Most of you who have stepped into an American courtroom have seen a man or a woman sitting in front of a small, special machine no larger than a laptop typing silently whenever anyone spoke. Anything you say will be taken down. And, when you read the resulting transcript, you will see that everything was taken down, including a lawyer’s “uhs” and “ohs.”
These people are court REPORTERS, specially trained individuals that not only have a rudimentary background in the law, but also know how to type everything they hear using a kind of shorthand which is later translated into “normal” English.
What’s the importance of a court reporter in a criminal trial? Well, just about everything. The super majority of trials are not videotaped or recorded with a machine. The court reporter, then, is the record keeper of the trial who records everything in real time. And the record of a criminal trial is one of the things that protects the rights of a defendant — often times more than a defense attorney.
Since just about everything is recorded on paper by the court reporter, a reviewing court on appeal can see where there were errors and whether those errors justify a new trial. In the United States, speak with most criminal attorneys and one thing they invariably point to is preserving something on the record. If it’s not on the record, well, it didn’t happen. (Often times if the record is lost, a defendant is entitled to a new trial). And the record is what the court reporter puts on paper.
Now you would expect that UNMIK would have hired court reporters for the criminal trials. They would have seen the severe importance of having court reporters. After all, reporters would be able to record everything in real time and an appropriate record would be preserved for the defendant. Further, it’s not like UNMIK is trying the majority of defendants for petty theft. There are serious crimes being tried like war crimes and murder that all come with it serious time. But look at most transcripts and you will find them shoddy, at best. It really is embarrassing.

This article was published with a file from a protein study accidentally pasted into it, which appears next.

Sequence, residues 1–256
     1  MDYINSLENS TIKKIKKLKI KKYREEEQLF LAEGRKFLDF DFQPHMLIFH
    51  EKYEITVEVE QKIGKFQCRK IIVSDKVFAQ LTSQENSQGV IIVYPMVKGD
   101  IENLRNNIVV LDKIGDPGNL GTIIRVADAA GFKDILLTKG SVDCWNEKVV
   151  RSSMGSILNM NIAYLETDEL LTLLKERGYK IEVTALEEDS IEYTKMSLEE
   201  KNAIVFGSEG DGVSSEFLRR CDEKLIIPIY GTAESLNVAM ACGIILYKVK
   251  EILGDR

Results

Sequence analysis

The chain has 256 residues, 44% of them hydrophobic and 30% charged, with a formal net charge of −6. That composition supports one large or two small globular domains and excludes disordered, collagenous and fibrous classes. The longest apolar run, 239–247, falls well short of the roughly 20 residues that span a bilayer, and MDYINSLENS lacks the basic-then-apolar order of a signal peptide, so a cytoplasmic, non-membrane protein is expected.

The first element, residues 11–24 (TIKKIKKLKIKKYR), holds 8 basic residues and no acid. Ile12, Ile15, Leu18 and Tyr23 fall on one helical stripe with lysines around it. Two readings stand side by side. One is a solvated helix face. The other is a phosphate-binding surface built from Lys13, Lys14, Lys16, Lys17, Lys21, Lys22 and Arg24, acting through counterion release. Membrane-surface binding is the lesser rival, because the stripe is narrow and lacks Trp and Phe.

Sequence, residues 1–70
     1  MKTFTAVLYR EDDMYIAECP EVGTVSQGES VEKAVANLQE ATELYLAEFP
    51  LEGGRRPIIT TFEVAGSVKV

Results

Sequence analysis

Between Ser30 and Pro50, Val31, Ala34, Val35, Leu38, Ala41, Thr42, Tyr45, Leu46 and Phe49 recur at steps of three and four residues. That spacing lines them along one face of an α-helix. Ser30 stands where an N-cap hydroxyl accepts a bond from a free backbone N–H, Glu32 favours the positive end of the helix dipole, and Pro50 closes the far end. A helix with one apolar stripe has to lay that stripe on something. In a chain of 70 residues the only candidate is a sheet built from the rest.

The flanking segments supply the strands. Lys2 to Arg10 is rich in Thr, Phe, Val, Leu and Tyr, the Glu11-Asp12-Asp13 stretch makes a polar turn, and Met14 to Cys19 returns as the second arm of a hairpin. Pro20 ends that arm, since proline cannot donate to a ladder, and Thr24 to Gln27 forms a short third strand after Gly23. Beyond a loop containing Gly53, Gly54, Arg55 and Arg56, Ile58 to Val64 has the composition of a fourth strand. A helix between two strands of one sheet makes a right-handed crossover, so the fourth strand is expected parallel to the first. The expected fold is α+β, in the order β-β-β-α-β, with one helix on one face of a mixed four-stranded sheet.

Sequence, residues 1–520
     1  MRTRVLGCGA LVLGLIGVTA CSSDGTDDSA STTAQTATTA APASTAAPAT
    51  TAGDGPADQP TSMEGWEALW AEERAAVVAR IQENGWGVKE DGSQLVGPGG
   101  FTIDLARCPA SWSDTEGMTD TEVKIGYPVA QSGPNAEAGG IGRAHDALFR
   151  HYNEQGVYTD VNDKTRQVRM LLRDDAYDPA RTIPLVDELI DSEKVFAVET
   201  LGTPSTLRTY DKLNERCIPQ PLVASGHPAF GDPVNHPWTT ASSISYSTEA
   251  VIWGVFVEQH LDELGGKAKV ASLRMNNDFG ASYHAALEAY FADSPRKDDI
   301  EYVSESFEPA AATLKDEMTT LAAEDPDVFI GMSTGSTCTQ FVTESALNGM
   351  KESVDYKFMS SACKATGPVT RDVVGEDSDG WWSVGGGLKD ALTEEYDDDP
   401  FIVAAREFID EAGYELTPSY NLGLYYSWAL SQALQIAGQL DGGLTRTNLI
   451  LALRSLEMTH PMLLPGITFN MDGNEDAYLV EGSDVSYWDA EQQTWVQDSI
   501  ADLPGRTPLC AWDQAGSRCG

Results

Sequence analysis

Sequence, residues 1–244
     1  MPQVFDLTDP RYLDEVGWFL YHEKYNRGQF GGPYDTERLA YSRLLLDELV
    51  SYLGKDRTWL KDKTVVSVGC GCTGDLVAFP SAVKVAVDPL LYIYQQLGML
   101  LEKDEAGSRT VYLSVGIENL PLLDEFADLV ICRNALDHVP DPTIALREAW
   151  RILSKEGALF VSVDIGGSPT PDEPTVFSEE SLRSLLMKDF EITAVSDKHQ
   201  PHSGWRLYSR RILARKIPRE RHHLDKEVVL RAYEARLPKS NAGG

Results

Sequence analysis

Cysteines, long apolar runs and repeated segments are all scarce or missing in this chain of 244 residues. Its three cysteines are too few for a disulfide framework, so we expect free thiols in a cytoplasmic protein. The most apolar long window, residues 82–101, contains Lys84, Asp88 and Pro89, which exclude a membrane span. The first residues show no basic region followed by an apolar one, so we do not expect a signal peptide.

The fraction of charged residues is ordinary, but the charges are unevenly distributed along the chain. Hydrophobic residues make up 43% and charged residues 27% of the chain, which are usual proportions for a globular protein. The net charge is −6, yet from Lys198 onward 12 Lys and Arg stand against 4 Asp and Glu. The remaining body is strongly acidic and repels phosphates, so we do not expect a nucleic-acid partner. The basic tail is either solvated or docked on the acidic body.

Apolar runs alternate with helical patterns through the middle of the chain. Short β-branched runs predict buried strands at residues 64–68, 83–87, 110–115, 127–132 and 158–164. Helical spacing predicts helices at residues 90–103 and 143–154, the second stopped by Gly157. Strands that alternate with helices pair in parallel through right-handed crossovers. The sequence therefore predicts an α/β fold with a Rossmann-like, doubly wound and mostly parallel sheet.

Who did UNMIK hire? Court RECORDERS. Now what are court RECORDERS? Court recorders do not use special equipment. Court recorders use normal laptops or computers and attempt to type the majority of what is said. Put another way, court recorders are merely fast typists, but they are not court reporters by any stretch of the imagination.
If anyone went to the Kurti trial earlier this month, one thing you noticed was how often the court recorder “recorded” (i.e. typed) something wrong or how often the court recorder asked the judge or the prosecutor to repeat something. It was ridiculous.
I have been able to see minutes of other trials and you will notice that what was said and what was “recorded” by the court recorder was really nothing like what had happened. That’s what happens when you have a court recorder vs. a court reporter. The difference is huge. And that has significant implications for protecting a defendant’s rights.
Part of the whole court recorder mess also has to do with the law itself. There are provisions in the PCPCK that require only that the “essential” testimony of a witness be recorded. That’s the loophole that I guess UNMIK has exploited by not hiring highly trained court reporters.
The problem is this: what the hell is “essential”? Who makes that determination? Often times, you don’t know what “essential” is until after the trial.
I have also been to a case where a local judge heard the witness testify and then told the court reporter what the substance of his testimony was to put into the record. Ridiculous. But it happens all the time. Look at the record of the famous war crimes case of Latif Gashi several years back. Same thing.
There are many weak links in the Kosovo justice system and, indeed, court recorders are one of those. I ask that Amnesty International and OSCE do more to demand that UNMIK hire court reporters and not court recorders.